The Caraway family had a front row seat to the first major wildfire of the season.
It practically knocked on their front door.
Flames from the Stump Gulch fire bore down on their Rapelje Road home on Saturday, but the family of four had prepared.
Their home has a metal roof and cement walls and is surrounded by a lush, green lawn.
Sprinklers were turned toward the house and 3-year-old James’ play set. As the fire gained intensity, the family ignored warnings to leave their home and remained inside.
“Firefighters told us our house was one of the most savable houses,” Shannon Caraway said on Monday. “We are very fortunate that we were prepared.”
They did relocate nearly 300 head of cattle to safer pastures up north.
By Saturday night, the family watched the hills that were covered in smoke just hours after the fire sparked near Springtime Road.
“It was scary for a while, but we are doing OK now,” Caraway said.
The fire came down the hills and within 100 feet of their single-story home before it went over the roof to a lower field on the other side.
When it reached the field, the fire burned a 12-foot-by-14-foot outbuilding to the ground. A nearby field burned. About a half-mile of fencing was burned.
Caraway said she knows the man who caused the fire Saturday morning.
“He was welding some pipe at a pump, and it sparked, and the wind kicked up at the same time and it took off,” Caraway said. “He’s devastated. He’s very distraught is the best way to describe him now.”
But Dwayne Andrews, Department of Natural Resources and Conservation information officer, would not confirm Caraway’s statement.
“To the best of my knowledge, there was a fire investigation that is in progress or has been completed,” Andrews said. “I don’t know the progress.”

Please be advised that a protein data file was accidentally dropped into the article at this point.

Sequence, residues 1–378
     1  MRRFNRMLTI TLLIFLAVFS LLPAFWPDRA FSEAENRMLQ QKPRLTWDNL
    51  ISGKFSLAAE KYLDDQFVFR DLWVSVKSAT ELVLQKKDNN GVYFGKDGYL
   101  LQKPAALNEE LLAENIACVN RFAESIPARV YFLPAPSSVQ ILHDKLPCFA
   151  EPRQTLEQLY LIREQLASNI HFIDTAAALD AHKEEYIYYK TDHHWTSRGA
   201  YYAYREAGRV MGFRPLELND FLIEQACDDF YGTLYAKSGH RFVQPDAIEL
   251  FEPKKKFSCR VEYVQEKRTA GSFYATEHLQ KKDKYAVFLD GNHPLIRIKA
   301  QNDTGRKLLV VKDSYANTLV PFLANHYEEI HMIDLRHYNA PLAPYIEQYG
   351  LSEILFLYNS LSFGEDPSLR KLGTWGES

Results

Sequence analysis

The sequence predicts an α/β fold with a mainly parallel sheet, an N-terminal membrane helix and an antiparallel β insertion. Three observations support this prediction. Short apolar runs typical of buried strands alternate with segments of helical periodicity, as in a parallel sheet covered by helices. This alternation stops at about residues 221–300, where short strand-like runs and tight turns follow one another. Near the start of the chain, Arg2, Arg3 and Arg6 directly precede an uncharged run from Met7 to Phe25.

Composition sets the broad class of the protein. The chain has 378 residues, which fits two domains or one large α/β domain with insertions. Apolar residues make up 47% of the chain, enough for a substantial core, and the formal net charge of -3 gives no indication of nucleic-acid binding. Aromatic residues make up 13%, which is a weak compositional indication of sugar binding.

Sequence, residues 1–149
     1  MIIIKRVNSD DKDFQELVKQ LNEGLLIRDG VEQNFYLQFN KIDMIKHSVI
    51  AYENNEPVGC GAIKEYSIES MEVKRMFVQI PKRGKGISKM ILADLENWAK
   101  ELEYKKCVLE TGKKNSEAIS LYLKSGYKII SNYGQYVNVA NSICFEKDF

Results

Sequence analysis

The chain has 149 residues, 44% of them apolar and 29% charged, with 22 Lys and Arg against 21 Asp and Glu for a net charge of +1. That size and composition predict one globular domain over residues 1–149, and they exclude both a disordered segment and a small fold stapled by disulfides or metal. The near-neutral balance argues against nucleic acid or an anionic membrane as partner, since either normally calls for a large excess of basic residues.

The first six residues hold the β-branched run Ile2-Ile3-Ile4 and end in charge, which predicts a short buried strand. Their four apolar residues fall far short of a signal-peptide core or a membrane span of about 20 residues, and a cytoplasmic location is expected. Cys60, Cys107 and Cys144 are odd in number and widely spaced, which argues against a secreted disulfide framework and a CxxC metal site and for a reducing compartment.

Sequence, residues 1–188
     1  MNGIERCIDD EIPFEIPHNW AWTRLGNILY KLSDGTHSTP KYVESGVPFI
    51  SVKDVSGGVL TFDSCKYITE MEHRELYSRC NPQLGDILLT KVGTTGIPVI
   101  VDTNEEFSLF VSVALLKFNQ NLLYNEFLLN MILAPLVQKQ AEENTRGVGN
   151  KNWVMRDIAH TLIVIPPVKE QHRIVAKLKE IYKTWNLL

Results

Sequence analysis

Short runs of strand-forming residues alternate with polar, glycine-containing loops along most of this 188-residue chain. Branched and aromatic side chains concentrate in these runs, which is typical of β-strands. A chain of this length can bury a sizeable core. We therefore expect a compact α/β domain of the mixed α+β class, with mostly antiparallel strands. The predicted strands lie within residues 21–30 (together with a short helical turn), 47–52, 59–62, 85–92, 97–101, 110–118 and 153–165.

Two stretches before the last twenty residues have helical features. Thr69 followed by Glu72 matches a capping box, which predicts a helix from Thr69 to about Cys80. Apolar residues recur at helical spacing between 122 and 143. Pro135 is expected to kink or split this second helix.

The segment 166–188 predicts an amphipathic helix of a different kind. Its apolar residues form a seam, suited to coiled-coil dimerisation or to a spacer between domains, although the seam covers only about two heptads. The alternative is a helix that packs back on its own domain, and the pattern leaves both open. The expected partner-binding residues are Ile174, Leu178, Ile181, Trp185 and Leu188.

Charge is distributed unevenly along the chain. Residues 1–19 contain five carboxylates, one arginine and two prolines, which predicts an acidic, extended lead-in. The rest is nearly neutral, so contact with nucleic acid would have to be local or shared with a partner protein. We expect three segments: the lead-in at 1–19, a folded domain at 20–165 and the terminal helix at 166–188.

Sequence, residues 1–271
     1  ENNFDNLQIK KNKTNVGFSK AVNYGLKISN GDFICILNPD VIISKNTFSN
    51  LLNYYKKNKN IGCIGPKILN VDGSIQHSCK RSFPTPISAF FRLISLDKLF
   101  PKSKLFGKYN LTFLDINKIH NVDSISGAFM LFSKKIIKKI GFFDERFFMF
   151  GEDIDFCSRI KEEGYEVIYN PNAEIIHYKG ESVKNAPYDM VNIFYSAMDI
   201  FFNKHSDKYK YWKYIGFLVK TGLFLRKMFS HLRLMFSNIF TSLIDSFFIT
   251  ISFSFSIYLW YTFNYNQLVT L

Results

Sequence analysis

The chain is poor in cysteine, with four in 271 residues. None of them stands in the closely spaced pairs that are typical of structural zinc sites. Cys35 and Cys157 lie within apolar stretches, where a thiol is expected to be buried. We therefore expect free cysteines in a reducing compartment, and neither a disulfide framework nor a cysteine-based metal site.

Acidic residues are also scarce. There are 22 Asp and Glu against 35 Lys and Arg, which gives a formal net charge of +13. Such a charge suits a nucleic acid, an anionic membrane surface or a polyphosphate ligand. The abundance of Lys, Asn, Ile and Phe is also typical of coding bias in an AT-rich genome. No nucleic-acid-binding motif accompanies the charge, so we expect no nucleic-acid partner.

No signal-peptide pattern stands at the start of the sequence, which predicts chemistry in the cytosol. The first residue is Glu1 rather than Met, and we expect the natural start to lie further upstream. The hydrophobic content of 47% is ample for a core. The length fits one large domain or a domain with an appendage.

The fire began at 1,000 acres on Saturday and grew overnight to 4,500 acres on Sunday. Daytime winds on Sunday pushed the blaze to nearly 10,000 acres.
Sunday’s cold front brought cooler temperatures and rainfall to slow the fire. Andrews said about a half-inch of rain fell.
“It didn’t get any larger today,” said Linda Williams, a Department of Natural Resources and Conservation information officer. “Because of the weather.”
By Monday evening, the fire was 85 percent contained and holding at 9,870 acres. Fire officials opened Rapelje Road to traffic at 8 p.m. On scene were 197 firefighters, one handcrew and 28 engines.
The fire crossed Rapelje Road twice, once to the northeast on Saturday and a second time to the south on Sunday.
“The south end slipped across a little bit, but they caught that,” Andrews said.
Out near the Caraway place on Monday, three firefighters were taking care of a few hot spots where the fire jumped the roadway. In a blackened field, the three used pick axes to break up a few smoldering stumps covered in white ash.
With the fire calmed down, residents who had been told to leave their homes were allowed to return, but Rapelje Road remained closed to through traffic until the evening Monday.
Erin Warren and her two children were told to leave their home on Sunday. Warren lives on the east side of Rapelje Road about two miles south of where the Caraway family lives.